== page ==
Tom Brady and the Pats offense have a long ways to go.
Following a highly unusual offseason, the New England Patriots have experienced a similarly topsy-turvy start to the regular season.
Whereas average records but promising play have characterized the team's start in recent seasons, the 2013 Patriots own a shiny 4-1 facade to hide a rather disturbing underbelly.
And as in previous seasons, one excellent unit on one side of the ball has dragged up one of the league's worst on the other side. However, as Pats fans know, it is the offense that has looked shockingly ordinary this season, hampered by injuries and inexperience. And unlike in past seasons, when a historically prolific offense could carry the team, this defense is good enough to compete but not necessarily shoulder the entire burden.
Thus, the onus falls on the offense to "begin pulling its weight," as Tom Brady bluntly admitted after scoring just six points against the Cincinnati Bengals on Sunday—New England's lowest output since a 21-0 loss to the Dolphins in 2006 that was marred by accusations of cadence-stealing.
Indeed, with the offense falling so spectacularly short of expectations, there is certainly a noticeable theme to this list.
As counter-intuitive as it seems, this week's results against the New Orleans Saints will not be particularly important. No one wants to lose of course, but a first-half game against an NFC opponent is about as harmless of a loss that a team could suffer.
More important is that the Patriots demonstrate marked improvement in key areas and reveal some discernible hope of potentially fulfilling Patriots fans' "Super Bowl-or-bust" mentality.
With that in mind, here are the five areas in most immediate need of improvement.
*Unless otherwise noted, all stats courtesy Pro Football Focus' premium section (subscription required).
Admittedly, this is a bit nit-picky, as the Patriots' offensive line has compiled the fifth-highest cumulative grade in the league thus far. However, as the Bengals exposed last week, New England's line does have a well-renowned Achilles heel that has proven fatal in past playoff defeats.
As I feared before their Week 5 contest in Cincinnati, the Patriots were unable to contain Geno Atkins and the Bengals' other interior rushers from collapsing the pocket and getting near Tom Brady's feet. Interior pressure is essentially the only proven factor in shutting down Brady, and the Bengals wisely guessed pass nearly every time the Pats tried to run play action. Consequently, when the plodding LeGarrette Blount was unable to make Cincy pay with his legs, the Patriots had no chance on offense.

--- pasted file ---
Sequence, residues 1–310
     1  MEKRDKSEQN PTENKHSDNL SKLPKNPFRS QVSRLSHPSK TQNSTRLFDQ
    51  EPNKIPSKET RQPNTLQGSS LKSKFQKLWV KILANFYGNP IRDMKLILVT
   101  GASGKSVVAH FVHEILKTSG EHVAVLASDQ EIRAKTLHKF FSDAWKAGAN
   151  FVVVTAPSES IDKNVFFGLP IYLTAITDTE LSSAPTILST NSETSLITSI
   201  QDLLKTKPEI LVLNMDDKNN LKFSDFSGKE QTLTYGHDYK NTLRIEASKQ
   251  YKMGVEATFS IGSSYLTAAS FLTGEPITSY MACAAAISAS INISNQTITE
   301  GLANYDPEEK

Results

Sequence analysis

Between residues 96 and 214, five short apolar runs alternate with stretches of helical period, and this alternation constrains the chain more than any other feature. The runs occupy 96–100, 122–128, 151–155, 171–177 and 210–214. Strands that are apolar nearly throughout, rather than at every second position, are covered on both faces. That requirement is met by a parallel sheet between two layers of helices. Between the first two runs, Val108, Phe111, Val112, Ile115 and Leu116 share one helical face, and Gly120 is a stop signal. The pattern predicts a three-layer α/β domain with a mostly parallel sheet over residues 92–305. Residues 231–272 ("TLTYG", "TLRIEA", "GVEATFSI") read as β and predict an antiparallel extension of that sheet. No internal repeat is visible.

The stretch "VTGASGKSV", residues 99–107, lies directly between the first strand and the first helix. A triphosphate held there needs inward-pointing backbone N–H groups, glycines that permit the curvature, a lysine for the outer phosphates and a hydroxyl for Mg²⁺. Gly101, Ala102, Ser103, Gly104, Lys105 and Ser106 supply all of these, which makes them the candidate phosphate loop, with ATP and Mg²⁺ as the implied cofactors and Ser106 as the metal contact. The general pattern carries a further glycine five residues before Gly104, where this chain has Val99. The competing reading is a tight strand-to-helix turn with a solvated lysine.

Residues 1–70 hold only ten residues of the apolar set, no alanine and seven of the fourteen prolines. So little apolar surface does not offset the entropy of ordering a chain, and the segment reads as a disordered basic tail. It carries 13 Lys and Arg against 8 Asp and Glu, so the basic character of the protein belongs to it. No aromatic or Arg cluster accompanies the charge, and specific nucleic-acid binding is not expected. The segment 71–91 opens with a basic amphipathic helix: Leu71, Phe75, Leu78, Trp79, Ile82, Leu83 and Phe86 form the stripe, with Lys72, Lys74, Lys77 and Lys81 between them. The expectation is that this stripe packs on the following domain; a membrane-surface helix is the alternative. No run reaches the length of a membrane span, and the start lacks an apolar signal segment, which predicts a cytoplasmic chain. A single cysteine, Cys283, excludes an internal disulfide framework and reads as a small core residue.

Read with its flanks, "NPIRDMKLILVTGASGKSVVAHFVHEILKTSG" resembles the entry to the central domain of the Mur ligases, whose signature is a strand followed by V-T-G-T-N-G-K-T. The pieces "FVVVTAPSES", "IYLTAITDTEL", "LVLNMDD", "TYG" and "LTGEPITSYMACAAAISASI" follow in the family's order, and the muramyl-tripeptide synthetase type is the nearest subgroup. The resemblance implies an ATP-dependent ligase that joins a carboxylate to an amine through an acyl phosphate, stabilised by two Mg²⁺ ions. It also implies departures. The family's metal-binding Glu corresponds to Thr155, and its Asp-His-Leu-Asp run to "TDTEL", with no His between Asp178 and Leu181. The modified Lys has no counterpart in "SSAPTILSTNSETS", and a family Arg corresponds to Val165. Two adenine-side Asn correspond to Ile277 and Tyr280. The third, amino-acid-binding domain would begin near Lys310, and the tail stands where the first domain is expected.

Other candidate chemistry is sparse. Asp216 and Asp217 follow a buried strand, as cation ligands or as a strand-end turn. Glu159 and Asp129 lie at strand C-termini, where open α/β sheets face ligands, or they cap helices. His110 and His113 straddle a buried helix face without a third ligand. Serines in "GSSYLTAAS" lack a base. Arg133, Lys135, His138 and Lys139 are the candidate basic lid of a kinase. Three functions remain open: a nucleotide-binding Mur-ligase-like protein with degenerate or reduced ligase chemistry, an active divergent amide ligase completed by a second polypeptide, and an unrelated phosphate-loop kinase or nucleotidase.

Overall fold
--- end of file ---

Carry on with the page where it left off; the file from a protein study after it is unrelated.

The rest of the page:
The general consensus before the season was that Dan Connolly was the line's weakest link, a notion that the 31-year-old has resoundingly confirmed thus far. Connolly was passable last season, but he has turned in a ghastly minus-6.8 performance so far this year, including a minus-9.6 pass protection grade that is fourth-worst among all guards. Besides Connolly, center Ryan Wendell has also turned in a minus-4.8 pass protection grade, making for shaky A-gap protection on the right side.
The Saints do not present nearly as significant a threat in this regard, as Cameron Jordan and Junior Galette, their two primary pass-rushers, both do their work on the edges. However, when the Patriots run into more physical foes like the Jets and Ravens, it would behoove them to afford Brady more than a modicum of space to step into.
When the Pats signed Leon Washington this offseason, many believed that the league's No. 2 kick returner in 2012 would boost a rather ordinary New England return game. However, hampered by injuries, Washington has returned just one kick this year, leaving Blount as the league's most curious return man.
Many have overlooked this aspect of special teams in years past because the Patriots have always possessed an offense so prolific that field position was largely irrelevant. But with a sputtering unit, the importance of good starting field position becomes magnified.
Last year, Washington averaged roughly 5.5 more yards per return than primary Pats return man Devin McCourty. Using Football Outsiders' ratings and estimations, that provided the Seahawks seven extra points over the course of a season. That does not sound like much, but consider how the Seahawks have struggled to replace Washington's production this year, leading to a kickoff return that has cost them two points already.
As Grantland's Kirk Goldsberry and Kevin Meers illustrated, point expectancy does shift with such a drastic improvement in the kickoff return. The Patriots thought they would be receiving that boost in 2013, and with an offense in desperate need of a jumpstart, it's not too late for Washington to make an impact this season.
This is a blunt and unambiguous area. With a scheme predicated on short rhythm-based passing, the Patriots' receivers cannot afford to continue letting drops put the offense behind schedule.